Pablo Martinez Monsivais/AP
President Obama speaks at ArcelorMittal, a steel mill in Cleveland, on Thursday. Obama visited the steel mill to discuss the economy and manufacturing, and then flew to Philadelphia for a Democratic fundraising dinner.
At least one group of people has not lost faith with President Obama: wealthy Democratic donors.
Before the 2008 and 2012 presidential elections, Obama was a political rock star, and he shared the stage at fundraisers with more than a few actual rock stars. Thousands of people cheered on Bruce Springsteen, Beyonce and even Katy Perry.
Today, Obama's fundraising events are exclusively quiet affairs, and everyone in attendance writes very large checks to have dinner with the president.
Rep. Steve Israel of New York says the donors are happy to do it. Israel runs the effort to win back Democratic control of the House.
"He's very potent," Israel says. "He has done seven events for us this year, and everywhere we go he is obviously a big draw."
That's seven events just for House Democrats. The president has also done events for Senate Democrats, and for the party's general fund.
The White House often pairs these fundraisers with a public economic speech, so taxpayers pick up part of the travel costs. That's an old trick that every president has used.
Last Thursday, for example, Obama gave a speech in Cleveland to promote American manufacturing.
"We didn't become the greatest nation on earth by accident. We did it because we did what it took," Obama told the crowd. The president then flew to Philadelphia for a Democratic fundraising dinner at the home of a Comcast executive.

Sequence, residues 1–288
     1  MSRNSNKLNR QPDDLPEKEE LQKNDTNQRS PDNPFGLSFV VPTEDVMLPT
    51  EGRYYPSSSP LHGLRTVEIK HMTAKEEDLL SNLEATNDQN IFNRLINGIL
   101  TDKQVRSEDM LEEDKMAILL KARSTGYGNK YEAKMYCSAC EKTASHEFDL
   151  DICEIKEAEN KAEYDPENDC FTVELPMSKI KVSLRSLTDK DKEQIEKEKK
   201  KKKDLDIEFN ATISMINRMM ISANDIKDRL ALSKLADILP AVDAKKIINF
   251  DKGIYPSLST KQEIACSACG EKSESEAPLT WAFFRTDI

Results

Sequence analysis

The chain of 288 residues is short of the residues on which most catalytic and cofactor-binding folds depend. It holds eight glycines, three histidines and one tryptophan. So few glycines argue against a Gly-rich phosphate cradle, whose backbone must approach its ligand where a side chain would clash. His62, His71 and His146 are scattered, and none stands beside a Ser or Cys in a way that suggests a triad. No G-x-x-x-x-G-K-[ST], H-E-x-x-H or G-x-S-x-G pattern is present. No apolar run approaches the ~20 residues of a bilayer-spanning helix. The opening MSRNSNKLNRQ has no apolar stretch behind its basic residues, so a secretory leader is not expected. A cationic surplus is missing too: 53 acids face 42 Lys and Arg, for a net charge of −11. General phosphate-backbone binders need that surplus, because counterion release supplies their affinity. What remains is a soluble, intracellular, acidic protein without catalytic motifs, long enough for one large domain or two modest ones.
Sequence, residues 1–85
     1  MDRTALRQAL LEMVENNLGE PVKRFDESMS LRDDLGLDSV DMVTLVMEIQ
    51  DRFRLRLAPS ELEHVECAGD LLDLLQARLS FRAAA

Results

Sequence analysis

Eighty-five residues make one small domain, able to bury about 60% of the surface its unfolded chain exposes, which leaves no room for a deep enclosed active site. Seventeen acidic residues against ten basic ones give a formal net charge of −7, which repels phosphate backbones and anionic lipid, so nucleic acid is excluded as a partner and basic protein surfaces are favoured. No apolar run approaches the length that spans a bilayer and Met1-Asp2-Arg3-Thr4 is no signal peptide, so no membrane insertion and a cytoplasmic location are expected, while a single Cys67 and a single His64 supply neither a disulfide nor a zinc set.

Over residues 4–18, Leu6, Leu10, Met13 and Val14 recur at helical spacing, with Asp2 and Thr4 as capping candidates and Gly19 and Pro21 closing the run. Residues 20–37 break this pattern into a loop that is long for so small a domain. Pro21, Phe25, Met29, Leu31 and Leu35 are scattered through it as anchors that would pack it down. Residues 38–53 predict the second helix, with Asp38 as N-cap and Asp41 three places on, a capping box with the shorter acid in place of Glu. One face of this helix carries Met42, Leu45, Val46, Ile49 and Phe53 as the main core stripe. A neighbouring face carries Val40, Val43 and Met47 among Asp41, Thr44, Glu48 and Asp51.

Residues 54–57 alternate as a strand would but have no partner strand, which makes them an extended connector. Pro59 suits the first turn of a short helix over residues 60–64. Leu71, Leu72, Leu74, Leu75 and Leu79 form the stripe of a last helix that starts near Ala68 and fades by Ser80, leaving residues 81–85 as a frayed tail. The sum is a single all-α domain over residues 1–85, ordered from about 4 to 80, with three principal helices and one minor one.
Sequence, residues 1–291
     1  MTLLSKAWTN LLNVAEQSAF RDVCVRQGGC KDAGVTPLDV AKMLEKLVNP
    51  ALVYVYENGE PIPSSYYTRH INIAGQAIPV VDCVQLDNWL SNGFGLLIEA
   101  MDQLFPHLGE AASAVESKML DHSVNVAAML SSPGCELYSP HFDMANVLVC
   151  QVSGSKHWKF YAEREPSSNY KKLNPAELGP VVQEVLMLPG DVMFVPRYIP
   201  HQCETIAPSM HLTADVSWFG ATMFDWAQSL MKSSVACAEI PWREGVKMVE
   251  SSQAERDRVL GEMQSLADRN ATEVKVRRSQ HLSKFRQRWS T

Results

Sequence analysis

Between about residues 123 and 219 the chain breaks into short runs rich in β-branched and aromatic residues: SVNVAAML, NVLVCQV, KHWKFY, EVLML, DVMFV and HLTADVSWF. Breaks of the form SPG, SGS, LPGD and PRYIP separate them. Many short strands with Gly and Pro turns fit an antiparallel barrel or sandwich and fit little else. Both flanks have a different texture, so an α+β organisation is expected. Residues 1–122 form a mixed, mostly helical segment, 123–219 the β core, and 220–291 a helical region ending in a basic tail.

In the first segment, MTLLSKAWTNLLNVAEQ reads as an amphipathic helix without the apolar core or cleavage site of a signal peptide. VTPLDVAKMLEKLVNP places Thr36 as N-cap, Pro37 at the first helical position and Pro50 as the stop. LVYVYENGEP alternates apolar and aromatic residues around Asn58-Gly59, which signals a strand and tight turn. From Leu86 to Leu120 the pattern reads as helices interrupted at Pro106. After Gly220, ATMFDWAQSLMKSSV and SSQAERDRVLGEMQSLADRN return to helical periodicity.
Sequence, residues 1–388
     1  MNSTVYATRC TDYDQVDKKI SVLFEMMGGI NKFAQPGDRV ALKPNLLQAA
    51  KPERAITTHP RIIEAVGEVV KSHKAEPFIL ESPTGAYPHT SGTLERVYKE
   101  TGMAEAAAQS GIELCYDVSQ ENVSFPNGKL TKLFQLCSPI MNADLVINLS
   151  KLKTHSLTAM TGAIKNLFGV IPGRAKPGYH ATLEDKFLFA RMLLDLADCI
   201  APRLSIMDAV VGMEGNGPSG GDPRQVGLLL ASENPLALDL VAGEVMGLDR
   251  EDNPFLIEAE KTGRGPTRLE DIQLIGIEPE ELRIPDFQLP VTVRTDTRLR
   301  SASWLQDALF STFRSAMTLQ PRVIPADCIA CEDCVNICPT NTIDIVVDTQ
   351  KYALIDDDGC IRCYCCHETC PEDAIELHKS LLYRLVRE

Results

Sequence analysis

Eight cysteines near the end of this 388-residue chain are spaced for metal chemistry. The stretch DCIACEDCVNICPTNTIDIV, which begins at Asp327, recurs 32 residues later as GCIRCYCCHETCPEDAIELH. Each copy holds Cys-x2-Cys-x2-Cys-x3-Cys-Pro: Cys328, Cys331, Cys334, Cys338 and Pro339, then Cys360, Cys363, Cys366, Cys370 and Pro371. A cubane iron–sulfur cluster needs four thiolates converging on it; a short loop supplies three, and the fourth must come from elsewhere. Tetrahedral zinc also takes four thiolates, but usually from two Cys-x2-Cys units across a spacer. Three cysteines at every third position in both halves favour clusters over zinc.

There's no official total on the money Obama has brought in this year.
The Guardian newspaper came up with an estimate of $40 million over 30 separate events this year. That's far more money, and more fundraisers, than any of Obama's predecessors early in a second term.
People of both parties agree: No matter how unpopular presidents may be, they will always remain money magnets.
"Any time you have the presidency as a political party, that's just something the other party can't match," says Daniel Scarpinato, a spokesman for the National Republican Campaign Committee. "And the same was true a few years ago when Republicans had the presidency; it was reversed."
At these small fundraisers, Obama's message to donors generally amounts to: Put Democrats in office to make Washington less divisive.
"You've got to have a partner instead of a Congress of obstruction and damage," Israel says.
Whenever Obama takes to the road, Republicans try to use him to their own fundraising advantage, says Scarpinato.
"When he's out giving speeches, that's when we're having our best recruitment successes," he says. "People are actually concerned about the direction he's taking the country."
This financial arms race gets more intense every year and all the more so since 2010, when the Supreme Court opened the doors to nearly unlimited donations from outside groups.
Jessica Levinson, a campaign finance expert at Loyola Law School, says money talks, or screams, rather, in our current political system. She says this is the game, and everyone is playing to win — politicians and donors alike.
"I think the only point in the near future where the money will stop making a difference is if it simply turns off voters, and we're not exactly there yet," Levinson says.
Obama has said that not a lot of functioning democracies in the world work this way, but at the same time he acknowledges that he doesn't have clean hands on this issue either. And he doesn't plan to change course.